The sound stage is pretty good, it is slightly Bose-esque in that the sound stage seems a little exaggerated, but it is not. It is actually quite accurate, but seems to have some sort of unnatural airiness. It is difficult to explain, but it is nice, at times the music seems close in with no sense of dimensional space; but at others it seems very lively, and the music seems to jump around you. The staging is by no means is giant, but it has decent space, and the different frequencies play around in this space well. The lows are somewhat in your face, but not as much as most other headphones I’ve heard, and the mids is right where it needs to be; it isn’t intimate or out of your head. The treble plays around the staging nicely, but prefers to be intimate with your ears.
Music (strengths and weaknesses)....
I used my computer for this testing, and also a 7.1 channel Yamaha natural sound receiver with pure direct to match up the results, pretty much the same.
A perfectly flat and versatile headphone would be in the middle for all genres (this doesn’t necessarily mean the headphone is good, it just means that it doesn’t handle one genre better than another)
Weak Genre < - - - - - | - - - - - > Strong Genre
This should show how the articulation and frequency response of the headphones favor certain genres
< - - - - - | - - x - - > Hip Hop – The coloration on these headphones suit hip hop surprisingly well in my opinion.
Empire State of Mind (Lossless) – Jay-Z and Alicia Keys – The drums really stand out at the beginning with decent resolution. The bass holds good impact with little to no intrusion. *Bass heads be warned you will not feel the headphones shaking straight off this song without amp and eq*. Jay-z’s voice seems somewhat colored, but it doesn’t sound artificial by any means. His voice has good presence, but also seems slightly recessed; this is due to the positioning of his voice. Alicia Keys voice benefits from the ANC9’s treble, but there are peaks, or moments, of harshness which really take you away from Alicia keys sweet and melodic voice, which is how it sounds for the most part. The Piano in the background sounds slightly distance, and when compared to how it sounds on the M50s or HD25s the ANC9s kind of pushes the piano back a little bit. It sounds slightly dull, which is odd because the rest of the music sounds more lively than typical. The ANC9s imaging is pretty good in this song, but it is one of those songs where the instruments sound slightly closed in; however, Alicia Keys voice has good depth to it and sounds relatively large. Still, consider that this Hip Hop track is filled with a lot more rich music, than some other tracks, such as A Millie by Lil Wayne.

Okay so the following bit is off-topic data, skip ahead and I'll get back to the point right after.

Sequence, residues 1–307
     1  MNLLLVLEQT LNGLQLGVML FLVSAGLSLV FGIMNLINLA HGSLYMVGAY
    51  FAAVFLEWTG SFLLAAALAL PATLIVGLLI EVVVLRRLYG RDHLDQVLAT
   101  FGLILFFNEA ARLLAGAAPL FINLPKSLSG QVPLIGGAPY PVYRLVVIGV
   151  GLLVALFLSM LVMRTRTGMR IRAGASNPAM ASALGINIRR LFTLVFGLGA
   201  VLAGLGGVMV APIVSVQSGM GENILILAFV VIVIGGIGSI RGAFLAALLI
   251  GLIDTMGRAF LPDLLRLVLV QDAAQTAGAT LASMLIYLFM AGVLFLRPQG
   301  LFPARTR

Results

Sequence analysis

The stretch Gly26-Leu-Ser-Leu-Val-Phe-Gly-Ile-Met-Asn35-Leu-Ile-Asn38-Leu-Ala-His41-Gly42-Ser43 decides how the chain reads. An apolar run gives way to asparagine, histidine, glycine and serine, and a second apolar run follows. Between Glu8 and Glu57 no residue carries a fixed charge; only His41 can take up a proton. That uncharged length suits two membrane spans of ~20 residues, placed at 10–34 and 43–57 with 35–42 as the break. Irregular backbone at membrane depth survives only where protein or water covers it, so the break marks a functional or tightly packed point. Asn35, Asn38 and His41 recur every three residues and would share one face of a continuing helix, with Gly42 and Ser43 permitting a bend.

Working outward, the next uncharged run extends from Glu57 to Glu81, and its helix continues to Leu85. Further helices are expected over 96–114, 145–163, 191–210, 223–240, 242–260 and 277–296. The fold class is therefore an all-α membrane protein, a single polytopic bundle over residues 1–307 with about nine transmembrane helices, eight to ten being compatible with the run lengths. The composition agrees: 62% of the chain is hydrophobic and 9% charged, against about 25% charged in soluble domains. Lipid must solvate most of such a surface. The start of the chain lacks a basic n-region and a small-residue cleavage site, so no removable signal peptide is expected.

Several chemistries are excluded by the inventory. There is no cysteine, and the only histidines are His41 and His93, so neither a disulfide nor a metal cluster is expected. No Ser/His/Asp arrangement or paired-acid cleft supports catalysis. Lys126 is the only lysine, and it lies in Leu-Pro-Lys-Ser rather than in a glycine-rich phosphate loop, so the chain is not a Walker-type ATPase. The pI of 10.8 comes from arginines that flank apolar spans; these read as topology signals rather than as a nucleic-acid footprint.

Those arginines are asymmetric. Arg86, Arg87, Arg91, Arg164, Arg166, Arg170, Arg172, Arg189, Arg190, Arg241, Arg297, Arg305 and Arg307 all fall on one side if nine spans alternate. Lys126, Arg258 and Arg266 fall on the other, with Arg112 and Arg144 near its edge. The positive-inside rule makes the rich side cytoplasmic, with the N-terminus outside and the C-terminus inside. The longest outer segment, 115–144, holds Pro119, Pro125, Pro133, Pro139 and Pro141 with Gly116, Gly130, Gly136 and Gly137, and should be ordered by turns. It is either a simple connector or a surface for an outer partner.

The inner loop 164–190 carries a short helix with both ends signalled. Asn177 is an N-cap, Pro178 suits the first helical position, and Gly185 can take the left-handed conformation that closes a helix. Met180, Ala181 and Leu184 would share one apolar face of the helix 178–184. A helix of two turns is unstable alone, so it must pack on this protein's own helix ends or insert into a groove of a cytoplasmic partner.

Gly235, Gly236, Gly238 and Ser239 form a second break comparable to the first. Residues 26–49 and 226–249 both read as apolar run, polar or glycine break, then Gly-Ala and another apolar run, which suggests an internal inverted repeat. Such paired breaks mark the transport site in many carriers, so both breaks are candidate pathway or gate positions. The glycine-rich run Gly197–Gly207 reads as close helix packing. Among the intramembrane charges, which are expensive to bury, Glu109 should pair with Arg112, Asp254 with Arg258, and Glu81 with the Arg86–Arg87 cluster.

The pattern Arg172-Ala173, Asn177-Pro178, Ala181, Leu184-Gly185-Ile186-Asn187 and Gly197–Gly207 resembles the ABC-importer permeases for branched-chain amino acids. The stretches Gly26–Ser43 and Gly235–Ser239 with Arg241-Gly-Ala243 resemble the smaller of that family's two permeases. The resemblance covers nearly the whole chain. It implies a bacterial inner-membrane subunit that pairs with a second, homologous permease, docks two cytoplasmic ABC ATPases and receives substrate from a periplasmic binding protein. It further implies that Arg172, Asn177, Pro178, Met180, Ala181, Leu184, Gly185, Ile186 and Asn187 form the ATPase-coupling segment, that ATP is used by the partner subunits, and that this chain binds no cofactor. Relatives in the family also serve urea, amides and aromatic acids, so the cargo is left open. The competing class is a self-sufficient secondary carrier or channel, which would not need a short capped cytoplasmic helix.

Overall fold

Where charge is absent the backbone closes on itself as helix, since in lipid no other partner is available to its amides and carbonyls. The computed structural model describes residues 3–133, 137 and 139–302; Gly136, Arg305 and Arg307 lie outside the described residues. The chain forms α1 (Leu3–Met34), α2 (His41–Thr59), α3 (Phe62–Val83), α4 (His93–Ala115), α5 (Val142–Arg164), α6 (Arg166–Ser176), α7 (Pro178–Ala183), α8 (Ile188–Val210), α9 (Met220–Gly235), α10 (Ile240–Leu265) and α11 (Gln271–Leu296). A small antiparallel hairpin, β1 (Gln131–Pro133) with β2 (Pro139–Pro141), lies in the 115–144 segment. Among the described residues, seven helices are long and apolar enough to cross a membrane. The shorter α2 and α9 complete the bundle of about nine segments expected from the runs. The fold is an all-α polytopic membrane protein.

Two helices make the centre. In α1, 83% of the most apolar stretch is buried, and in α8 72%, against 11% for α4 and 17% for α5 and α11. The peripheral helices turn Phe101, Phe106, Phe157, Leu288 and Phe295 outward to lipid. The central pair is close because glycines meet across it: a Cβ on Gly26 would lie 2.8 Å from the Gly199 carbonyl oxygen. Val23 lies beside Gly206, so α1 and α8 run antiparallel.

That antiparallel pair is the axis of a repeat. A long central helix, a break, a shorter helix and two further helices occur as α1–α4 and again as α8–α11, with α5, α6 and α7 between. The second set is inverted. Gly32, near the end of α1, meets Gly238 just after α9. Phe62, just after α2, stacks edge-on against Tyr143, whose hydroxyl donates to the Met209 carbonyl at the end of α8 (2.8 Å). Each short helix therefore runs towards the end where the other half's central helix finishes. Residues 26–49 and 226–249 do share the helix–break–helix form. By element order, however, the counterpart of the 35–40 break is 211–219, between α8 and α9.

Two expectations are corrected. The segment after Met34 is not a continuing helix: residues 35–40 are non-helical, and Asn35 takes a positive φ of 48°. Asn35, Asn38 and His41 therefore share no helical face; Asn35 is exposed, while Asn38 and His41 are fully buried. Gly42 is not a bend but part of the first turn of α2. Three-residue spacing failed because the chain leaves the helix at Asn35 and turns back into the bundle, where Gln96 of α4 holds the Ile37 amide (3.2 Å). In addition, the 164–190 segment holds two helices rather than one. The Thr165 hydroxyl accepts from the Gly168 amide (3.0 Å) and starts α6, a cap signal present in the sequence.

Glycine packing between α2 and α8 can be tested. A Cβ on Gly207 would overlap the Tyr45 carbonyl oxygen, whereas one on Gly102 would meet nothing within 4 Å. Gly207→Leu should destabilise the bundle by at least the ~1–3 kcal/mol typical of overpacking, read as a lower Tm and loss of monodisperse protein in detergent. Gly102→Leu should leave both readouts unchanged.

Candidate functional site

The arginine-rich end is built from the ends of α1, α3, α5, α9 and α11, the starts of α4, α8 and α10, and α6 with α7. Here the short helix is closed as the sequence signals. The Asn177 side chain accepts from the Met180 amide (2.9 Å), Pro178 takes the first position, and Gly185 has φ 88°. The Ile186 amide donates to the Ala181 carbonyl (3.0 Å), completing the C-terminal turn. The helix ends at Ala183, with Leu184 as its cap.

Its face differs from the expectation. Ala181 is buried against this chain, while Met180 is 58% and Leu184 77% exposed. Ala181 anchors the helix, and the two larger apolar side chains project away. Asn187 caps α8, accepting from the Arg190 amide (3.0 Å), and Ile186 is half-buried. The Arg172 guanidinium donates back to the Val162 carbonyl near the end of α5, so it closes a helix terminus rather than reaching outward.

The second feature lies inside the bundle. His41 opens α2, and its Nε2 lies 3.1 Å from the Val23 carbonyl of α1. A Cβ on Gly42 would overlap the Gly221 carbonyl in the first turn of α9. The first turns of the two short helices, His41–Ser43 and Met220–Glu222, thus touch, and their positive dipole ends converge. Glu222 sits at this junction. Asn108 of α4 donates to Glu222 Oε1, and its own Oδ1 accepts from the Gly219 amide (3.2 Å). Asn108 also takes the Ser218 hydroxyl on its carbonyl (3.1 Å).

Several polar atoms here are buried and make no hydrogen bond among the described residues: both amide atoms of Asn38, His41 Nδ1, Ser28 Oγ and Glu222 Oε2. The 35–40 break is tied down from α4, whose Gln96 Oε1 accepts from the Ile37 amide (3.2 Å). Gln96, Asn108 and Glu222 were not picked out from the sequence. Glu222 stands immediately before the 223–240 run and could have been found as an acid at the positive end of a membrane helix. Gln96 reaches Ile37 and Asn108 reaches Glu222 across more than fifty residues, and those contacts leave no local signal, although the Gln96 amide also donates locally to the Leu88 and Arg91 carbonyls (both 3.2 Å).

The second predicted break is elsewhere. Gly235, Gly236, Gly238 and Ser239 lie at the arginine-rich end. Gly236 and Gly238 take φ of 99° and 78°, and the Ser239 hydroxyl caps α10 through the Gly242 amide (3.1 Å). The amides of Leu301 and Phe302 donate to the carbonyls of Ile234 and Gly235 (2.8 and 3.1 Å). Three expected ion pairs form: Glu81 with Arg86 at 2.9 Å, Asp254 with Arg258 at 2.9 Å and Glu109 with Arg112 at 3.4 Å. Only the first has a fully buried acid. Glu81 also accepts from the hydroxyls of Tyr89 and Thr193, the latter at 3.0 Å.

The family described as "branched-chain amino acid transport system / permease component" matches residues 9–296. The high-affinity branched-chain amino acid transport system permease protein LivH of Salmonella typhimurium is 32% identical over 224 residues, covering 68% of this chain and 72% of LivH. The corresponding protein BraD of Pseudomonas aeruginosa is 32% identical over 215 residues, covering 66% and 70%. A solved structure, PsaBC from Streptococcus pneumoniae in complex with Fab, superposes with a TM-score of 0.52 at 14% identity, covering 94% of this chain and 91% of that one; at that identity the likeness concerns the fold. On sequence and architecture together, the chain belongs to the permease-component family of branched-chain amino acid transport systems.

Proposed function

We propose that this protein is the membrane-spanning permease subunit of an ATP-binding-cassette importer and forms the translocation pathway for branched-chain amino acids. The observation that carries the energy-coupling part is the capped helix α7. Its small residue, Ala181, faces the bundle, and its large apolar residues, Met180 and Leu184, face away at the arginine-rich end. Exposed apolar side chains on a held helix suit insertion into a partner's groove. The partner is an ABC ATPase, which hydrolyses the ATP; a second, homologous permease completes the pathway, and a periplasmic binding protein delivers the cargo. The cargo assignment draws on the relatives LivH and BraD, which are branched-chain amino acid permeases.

< - - - x - | - - - - - > Strings (I compare this to real string sounds, I have played the violin for 6 years) – sounds very exciting, but you want accurate when you listen to strings, especially because of the dynamics in the music itself. In addition, the minute details are lacking like I’ve mentioned.
The orchestra sounds fairly good, but there quite a few issues with the sound reproduction. For one the frequency response on the ANC9s make the violins fun to listen to, but it gets fairly annoying when you can’t distinguish all the notes. In addition, the details in the instruments are lacking, you just don’t get the same texture you get with something like the M50. Another thing is that the dynamics are suffering because of the headphones uneven mids. One thing I did like was that the sound stage accompanied the instruments relatively well, the separation could be better; but it was still nice.